The different search options within the TESS System
As with any likelihood of confusion analysis, the person conducting the USPTO knockout search needs to balance considerations such as how similar the trademarks are, what are the relevant goods and/or services, where are the goods or services sold, the sophistication of the consumer, etc… The TESS system probably seems outdated to most who use the system, and it is advisable to have the search done by someone who uses the TESS system regularly and understands the nuances of likelihood of confusion issue.
If, after searching TESS, there are clearly no confusingly similar trademarks, the trademark applicant can rest easy that it is highly unlikely they will receive an Office Action based on a likelihood of confusion issue. If there is a trademark that may be similar, but does not warrant refusal of the trademark application, the trademark applicant can begin considering ways to argue around a potential Office Action in the event the Examining Attorney cites the previously registered mark as being problematic due to likelihood of confusion. If there is a direct hit, however, for the trademark being applied for in the same or related field of goods or services, the trademark owner should reconsider filing a trademark application all together so as not to lose their application fee and any attorney fees associated with the trademark application.
Comprehensive Common Law Search
If there are no issues found in the USPTO knockout search, trademark applicants should broaden their search to find any potentially confusingly similar trademarks already being used in the marketplace, but have not been registered at the USPTO. The reason a comprehensive common law search is important is to see if there is any third party out there they may oppose the trademark application once it is published for opposition, i.e. after the Examining Attorney approves the application.
Before the internet, it was difficult to conduct common law trademark searches. They mostly relied on state databases with company names, knowledge of industries and teams of investigators. However, Google searches and social media searches can reveal if any other company sells or uses the trademark or a confusingly similar trademark.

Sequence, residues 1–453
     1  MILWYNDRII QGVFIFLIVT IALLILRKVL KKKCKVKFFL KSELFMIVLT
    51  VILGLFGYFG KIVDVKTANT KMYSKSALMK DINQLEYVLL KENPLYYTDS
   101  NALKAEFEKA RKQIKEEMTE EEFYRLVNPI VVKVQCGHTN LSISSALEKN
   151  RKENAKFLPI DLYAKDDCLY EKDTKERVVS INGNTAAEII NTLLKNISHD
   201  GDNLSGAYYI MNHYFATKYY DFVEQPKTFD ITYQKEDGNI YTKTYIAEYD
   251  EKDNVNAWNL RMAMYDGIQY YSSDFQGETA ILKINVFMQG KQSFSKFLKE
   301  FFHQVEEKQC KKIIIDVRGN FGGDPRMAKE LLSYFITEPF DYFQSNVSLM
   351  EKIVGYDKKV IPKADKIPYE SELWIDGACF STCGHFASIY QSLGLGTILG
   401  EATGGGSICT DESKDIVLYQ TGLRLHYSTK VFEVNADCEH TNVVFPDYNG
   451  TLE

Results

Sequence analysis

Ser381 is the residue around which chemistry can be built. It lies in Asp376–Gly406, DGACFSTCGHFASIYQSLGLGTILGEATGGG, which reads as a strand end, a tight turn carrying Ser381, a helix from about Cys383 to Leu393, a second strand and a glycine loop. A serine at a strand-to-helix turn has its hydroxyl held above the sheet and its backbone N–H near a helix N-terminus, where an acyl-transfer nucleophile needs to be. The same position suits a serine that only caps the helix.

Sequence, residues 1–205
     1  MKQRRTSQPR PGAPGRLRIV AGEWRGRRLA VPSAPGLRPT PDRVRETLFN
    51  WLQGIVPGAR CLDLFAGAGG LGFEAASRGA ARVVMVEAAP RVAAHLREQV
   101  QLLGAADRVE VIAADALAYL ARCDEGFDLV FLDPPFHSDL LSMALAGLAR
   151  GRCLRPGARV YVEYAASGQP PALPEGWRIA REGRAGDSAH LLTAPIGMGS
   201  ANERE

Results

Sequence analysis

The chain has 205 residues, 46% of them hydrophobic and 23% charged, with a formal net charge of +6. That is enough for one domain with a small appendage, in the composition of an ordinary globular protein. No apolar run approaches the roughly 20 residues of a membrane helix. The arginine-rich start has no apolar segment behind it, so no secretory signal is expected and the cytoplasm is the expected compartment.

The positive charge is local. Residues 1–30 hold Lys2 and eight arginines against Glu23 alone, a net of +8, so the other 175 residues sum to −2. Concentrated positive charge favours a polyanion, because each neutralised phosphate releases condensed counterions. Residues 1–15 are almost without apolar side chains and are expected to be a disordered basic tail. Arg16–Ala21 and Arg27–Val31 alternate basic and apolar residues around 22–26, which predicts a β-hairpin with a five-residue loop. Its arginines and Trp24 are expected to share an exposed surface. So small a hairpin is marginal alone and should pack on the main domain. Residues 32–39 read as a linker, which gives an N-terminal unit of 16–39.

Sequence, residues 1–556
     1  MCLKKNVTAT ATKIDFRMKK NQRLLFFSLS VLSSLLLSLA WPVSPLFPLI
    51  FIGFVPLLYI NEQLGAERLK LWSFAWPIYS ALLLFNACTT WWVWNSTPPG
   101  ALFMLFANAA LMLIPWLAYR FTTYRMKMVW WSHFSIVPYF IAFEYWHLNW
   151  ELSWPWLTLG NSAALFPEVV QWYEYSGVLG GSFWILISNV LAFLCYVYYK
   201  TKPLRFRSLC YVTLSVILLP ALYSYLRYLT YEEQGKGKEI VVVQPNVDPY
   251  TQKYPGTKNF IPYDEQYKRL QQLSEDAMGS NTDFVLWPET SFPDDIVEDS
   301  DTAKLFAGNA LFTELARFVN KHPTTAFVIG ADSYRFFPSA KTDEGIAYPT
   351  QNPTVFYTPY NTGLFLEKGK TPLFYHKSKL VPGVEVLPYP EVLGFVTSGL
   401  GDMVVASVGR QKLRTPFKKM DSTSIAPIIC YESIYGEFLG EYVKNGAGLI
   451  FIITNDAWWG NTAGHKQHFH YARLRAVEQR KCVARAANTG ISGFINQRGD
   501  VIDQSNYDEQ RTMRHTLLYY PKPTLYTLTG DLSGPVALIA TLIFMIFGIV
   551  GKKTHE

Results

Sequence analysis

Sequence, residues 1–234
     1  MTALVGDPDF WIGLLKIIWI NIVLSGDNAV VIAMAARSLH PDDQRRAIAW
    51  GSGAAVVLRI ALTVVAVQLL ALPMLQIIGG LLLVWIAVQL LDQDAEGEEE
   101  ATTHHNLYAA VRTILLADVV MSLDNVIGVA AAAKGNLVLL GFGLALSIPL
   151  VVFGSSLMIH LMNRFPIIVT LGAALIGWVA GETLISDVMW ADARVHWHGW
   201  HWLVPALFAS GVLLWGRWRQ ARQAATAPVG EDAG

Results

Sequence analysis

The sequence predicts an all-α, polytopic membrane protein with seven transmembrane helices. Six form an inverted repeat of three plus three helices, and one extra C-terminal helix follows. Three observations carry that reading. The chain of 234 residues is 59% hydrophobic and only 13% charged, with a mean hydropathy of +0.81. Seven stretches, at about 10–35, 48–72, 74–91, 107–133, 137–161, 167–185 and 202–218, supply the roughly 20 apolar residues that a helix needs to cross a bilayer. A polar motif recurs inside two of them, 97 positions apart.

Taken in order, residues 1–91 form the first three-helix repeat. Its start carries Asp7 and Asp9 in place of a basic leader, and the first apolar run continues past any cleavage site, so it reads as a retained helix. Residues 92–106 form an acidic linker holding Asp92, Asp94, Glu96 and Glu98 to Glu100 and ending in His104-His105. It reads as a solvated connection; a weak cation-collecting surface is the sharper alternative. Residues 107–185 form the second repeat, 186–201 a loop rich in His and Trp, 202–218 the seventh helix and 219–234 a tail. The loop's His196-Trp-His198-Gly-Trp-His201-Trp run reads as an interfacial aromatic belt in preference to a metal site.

Do not overthink this. Start with Google, then move to social media searches
If there are any hits, and potential issues, found in the common law search, the trademark applicant will need to do more research into the potential problem. For example, if the other trademark owner just began using the trademark, and the trademark applicant has used it for ten years, then the trademark applicant is considered to have “priority” to use the trademark. Or in other words, the trademark applicant has “dibs” on the trademark.
In addition to conducting a common law search for purposes of avoiding an opposition, it is wise for trademark owners to know what other companies out there are using confusingly similar trademarks to their own. It may be best to take action against those trademark owners by sending a cease and desist letter immediately or to continue to monitor their use to ensure they do not enter the market of goods or services the trademark applicant seeks to register the trademark in connection with.